Following the violent denouement of the previous book, A Book of Scars sees our erstwhile hero detective Cathal Breen taking an enforced spell of R&R at the family farm in Devon of his feisty former police colleague Helen Tozer, who has recently left the Met. Inevitably though, the long shadow cast by the unsolved murder of Tozer’s sister, Alexandra, five years previously, comes back to haunt them in this much darker instalment of William Shaw’s superb 1960’s set series. As the book opens in the ...more
Jan 09, 2016 rated it really liked it
Originally reviewed at The Book Adventures.

With A Song for the Brokenhearted William Shaw wraps up the Breen & Tozer mystery trilogy and I’m left hoping to read more about these characters. A trilogy can become a series, right? This book was everything that I hoped it would be: awesome characters, occasional humour, and a mystery that not only holds a personal connection for the main characters but also sheds light on events of an international nature.

A Song for the Brokenhearted picks up soon a
Dec 04, 2017 rated it it was amazing
Shelves: mystery, shaw-william
I realized about two-thirds of the way through this novel that it was the third in the series. I'd read the first but not the second. So now I'll read the second one. My American hardcover edition (called A SONG FOR THE BROKENHEARTED, in case you're looking up the same book by its British title, A BOOK OF SCARS) does not state that this is the third Breen and Tozer novel.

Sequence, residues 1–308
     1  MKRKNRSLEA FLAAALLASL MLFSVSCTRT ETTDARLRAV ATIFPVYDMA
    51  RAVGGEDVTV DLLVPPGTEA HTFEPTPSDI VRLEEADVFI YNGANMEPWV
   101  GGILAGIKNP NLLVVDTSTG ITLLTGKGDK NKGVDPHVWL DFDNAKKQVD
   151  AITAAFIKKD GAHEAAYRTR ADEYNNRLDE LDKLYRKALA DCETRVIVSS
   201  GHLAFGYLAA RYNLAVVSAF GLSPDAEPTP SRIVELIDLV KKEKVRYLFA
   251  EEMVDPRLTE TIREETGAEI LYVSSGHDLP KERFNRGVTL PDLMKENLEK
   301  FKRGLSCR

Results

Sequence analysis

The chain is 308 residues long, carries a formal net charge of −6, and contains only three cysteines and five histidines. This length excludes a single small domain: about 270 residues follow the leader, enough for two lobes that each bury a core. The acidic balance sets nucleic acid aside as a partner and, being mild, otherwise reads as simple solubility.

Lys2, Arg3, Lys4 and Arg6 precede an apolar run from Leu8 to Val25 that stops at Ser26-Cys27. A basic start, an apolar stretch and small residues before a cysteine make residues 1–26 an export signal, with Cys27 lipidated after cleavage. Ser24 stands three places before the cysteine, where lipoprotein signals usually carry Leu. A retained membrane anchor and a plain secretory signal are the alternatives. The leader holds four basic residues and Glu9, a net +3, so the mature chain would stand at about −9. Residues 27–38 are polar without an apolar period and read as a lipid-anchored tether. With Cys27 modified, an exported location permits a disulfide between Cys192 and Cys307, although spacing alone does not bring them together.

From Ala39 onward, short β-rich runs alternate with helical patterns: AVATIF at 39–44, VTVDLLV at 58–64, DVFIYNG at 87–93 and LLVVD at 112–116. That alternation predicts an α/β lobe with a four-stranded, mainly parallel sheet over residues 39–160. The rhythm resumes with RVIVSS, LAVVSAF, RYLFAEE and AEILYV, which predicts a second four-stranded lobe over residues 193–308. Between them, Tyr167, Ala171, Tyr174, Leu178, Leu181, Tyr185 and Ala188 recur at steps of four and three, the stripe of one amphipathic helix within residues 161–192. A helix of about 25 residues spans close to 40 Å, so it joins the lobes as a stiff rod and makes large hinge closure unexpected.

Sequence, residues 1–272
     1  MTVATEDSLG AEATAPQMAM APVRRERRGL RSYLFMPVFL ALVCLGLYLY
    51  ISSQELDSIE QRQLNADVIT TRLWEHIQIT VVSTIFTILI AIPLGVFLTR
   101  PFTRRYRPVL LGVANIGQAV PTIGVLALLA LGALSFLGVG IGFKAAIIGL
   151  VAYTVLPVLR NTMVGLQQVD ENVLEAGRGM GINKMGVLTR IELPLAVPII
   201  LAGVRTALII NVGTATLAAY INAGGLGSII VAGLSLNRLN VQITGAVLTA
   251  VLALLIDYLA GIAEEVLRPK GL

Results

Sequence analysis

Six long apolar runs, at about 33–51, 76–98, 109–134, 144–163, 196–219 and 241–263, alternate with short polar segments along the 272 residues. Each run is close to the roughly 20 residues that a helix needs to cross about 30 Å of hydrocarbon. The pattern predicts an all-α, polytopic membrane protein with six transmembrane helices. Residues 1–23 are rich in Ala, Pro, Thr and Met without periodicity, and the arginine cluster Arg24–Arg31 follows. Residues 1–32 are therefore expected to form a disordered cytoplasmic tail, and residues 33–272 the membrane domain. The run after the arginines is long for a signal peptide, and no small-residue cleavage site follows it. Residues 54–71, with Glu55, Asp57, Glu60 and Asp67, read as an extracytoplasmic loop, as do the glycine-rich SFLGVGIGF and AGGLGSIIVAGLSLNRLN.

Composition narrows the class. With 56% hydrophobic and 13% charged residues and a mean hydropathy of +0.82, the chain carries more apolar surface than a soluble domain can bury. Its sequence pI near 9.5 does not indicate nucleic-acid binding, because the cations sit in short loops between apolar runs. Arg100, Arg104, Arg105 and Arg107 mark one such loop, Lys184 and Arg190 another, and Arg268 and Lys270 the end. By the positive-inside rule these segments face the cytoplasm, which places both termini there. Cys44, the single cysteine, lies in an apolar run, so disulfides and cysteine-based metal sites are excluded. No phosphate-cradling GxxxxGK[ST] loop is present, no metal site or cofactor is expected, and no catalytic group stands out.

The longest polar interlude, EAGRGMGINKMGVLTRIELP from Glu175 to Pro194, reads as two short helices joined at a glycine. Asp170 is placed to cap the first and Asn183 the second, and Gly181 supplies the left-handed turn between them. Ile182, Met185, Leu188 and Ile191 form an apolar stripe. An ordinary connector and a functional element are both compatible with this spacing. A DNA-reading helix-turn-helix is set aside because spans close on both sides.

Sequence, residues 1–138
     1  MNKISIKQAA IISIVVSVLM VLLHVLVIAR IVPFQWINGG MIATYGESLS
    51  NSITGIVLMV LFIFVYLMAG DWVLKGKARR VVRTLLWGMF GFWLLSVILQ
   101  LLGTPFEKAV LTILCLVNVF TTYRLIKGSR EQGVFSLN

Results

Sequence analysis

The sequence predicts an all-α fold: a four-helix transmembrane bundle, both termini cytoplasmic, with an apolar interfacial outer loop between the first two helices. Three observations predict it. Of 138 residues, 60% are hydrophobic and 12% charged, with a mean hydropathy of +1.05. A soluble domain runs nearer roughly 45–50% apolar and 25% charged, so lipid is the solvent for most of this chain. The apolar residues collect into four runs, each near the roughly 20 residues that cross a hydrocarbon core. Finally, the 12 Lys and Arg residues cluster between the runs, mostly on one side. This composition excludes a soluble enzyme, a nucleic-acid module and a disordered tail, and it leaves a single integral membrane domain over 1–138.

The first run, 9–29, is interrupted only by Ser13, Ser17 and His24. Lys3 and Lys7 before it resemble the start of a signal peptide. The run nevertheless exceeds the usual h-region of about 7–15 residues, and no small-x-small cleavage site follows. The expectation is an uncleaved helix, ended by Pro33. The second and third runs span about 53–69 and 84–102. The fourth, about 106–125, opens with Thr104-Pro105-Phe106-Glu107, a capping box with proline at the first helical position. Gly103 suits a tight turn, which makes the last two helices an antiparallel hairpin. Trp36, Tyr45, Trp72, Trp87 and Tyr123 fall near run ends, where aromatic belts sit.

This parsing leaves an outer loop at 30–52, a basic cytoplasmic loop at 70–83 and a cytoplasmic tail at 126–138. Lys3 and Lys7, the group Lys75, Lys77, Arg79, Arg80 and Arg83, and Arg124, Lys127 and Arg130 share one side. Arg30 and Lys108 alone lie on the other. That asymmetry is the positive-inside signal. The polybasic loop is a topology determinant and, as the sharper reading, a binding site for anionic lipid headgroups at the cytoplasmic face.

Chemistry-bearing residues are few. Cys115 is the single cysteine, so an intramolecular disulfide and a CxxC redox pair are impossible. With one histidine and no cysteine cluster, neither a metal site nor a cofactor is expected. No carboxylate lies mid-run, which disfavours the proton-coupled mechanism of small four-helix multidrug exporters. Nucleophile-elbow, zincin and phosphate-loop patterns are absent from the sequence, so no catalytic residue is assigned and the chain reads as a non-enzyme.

In any case, it is an improvement over the first one, which was itself a good novel. William Shaw makes some of the scenes qui
Sep 25, 2019 rated it really liked it
Really three and a half stars. It didn't have as much of Helen Tozer in the story as the previous books did. Also, the scenes of torture were a bit emotionally difficult for me to read. Still, this is a great series and I will definitely be reading the next book. ...more
May 14, 2019 rated it it was amazing
Loved it. Sympathy for the Devil up next. One of my favorite series'. ...more
Book Addict Shaun
May 21, 2015 rated it really liked it  ·  review of another edition
Shelves: 2015
Having read and enjoyed A Song from Dead Lips and A House of Knives, I was disappointed that the Breen & Tozer series was only going to be a trilogy but after finishing A Book of Scars I can see where William Shaw was going with the series and it works incredibly well as three books. This is definitely one of the most exciting and original trilogies I have read in recent years.

A Book of Scars is a difficult book to summarise, on a very basic 'this is what happens' level, Helen Tozer has left the
Sep 02, 2015 rated it really liked it
This book returns to the strengths of the first book in the series. Breen and Tozer's investigations have a way of not only grappling with the dark side of 60s London society, but also the whole historical and cultural legacy of Britain's fading empire. ...more
Rob Kitchin
Jul 22, 2018 rated it really liked it  ·  review of another edition